(Report Comment)
USNN USNN September 9, 2008 | 1:05 p.m.

Not my march or rally Chuck. I have a great dislike for the NSM. How ever i do support their rights. We have young men and women over seas dieing every day fighting for those rights, its just wrong for some one to take a dump on that. As to the police protecting the NSM well thats up to the PD isn't it? I know of no law that says that there must be police officers following or leading people when they choose to express their First Amendment Rights.

(Report Comment)
Charles Dudley Jr September 9, 2008 | 1:32 p.m.

USNN USNN alot of those young men and women that are dieing daily to protect our rights are in "police actions" and not "declared wars" so let's keep that in perspective please.
I want people as well to have freedom of speech and such as long as they do it respectfully and as responsible citizens.The NSM is neither of the above.

(Report Comment)
USNN USNN September 9, 2008 | 1:41 p.m.

The First Amendment makes no mention of the need for speech to be made by either respectful or responsible citizens. Also there is no difference between biting it in a police action or a declared war, your body still comes home with a flag draped over it. Our troops fight where those over them order them to, dieing in Iraq is no different then having died in Normandy with the exception that every one in Iraq volunteered(sp) and in WW2 they had a draft going.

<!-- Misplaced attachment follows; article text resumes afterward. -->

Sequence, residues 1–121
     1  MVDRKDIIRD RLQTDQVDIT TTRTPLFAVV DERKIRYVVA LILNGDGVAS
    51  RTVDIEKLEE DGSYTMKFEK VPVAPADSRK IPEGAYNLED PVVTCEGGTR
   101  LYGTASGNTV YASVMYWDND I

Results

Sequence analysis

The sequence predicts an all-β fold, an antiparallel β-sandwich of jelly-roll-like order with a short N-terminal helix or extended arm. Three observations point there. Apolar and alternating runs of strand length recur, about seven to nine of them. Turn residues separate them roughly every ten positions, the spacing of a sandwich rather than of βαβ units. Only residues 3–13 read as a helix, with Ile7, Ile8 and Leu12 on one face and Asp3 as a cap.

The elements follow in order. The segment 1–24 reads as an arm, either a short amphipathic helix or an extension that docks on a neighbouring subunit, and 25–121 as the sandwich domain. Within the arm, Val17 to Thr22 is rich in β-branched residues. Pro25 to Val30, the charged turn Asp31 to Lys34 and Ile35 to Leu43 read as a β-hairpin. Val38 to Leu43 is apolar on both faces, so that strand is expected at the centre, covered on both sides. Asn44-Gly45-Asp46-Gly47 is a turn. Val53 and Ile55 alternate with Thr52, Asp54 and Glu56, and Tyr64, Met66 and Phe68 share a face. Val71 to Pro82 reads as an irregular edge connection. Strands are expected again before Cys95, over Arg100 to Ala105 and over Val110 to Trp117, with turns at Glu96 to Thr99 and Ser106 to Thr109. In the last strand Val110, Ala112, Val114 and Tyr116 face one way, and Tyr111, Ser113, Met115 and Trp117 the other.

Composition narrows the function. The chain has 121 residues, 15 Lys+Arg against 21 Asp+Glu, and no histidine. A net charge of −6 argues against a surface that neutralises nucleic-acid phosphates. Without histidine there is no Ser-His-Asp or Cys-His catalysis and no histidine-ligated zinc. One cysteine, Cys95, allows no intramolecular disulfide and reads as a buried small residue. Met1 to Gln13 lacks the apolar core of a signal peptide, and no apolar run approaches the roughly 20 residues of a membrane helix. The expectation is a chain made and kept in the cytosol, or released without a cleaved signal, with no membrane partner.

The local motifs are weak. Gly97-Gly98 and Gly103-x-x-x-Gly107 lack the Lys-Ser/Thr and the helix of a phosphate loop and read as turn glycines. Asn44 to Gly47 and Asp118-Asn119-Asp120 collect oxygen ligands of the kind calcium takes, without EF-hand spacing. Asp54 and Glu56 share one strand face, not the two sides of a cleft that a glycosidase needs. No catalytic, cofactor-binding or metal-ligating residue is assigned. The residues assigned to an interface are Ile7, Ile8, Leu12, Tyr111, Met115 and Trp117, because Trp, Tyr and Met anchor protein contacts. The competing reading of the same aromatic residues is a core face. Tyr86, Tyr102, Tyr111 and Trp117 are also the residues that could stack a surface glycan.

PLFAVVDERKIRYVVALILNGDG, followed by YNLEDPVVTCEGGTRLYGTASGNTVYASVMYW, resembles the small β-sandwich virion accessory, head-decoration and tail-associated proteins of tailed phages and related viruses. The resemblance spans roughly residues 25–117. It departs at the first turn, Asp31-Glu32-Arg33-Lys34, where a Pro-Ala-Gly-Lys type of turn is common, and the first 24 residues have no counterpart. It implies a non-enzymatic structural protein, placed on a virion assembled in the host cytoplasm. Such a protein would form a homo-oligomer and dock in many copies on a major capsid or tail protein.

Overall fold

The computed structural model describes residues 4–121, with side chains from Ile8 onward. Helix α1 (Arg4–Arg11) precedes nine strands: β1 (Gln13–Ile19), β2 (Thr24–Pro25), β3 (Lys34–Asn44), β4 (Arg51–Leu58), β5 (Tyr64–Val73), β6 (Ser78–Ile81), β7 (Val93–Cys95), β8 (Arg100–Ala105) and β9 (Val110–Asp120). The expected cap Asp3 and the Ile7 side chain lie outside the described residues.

(Report Comment)
Ray Shapiro September 9, 2008 | 6:53 p.m.

"Amendment I
Congress shall make no law respecting an establishment of religion, or prohibiting the free exercise thereof; or abridging the freedom of speech, or of the press; or the right of the people peaceably to assemble, and to petition the government for a redress of grievances."

I would take that "the right of people peaceably to assemble" would include respectful or responsible citizens.
Should the people turn "ugly" I would think that the authorities have the "right" to disperse the crowd. (Then again, I've never seen a "pretty" nazi. Have you?)

(Report Comment)
USNN USNN September 9, 2008 | 7:10 p.m.

The NSM is allowed to assemble peacefully all they want when ever they want, regardless of any threats of violence from those that would oppose them. Its been upheld in many courts and not just for NSM. Also one can look at many NSM actions over the past few years, like say their Orlando march or the first planed Toledo march, not a single NSM member arrested but plenty of those there to oppose them were after getting violent and not listening to lawful police orders.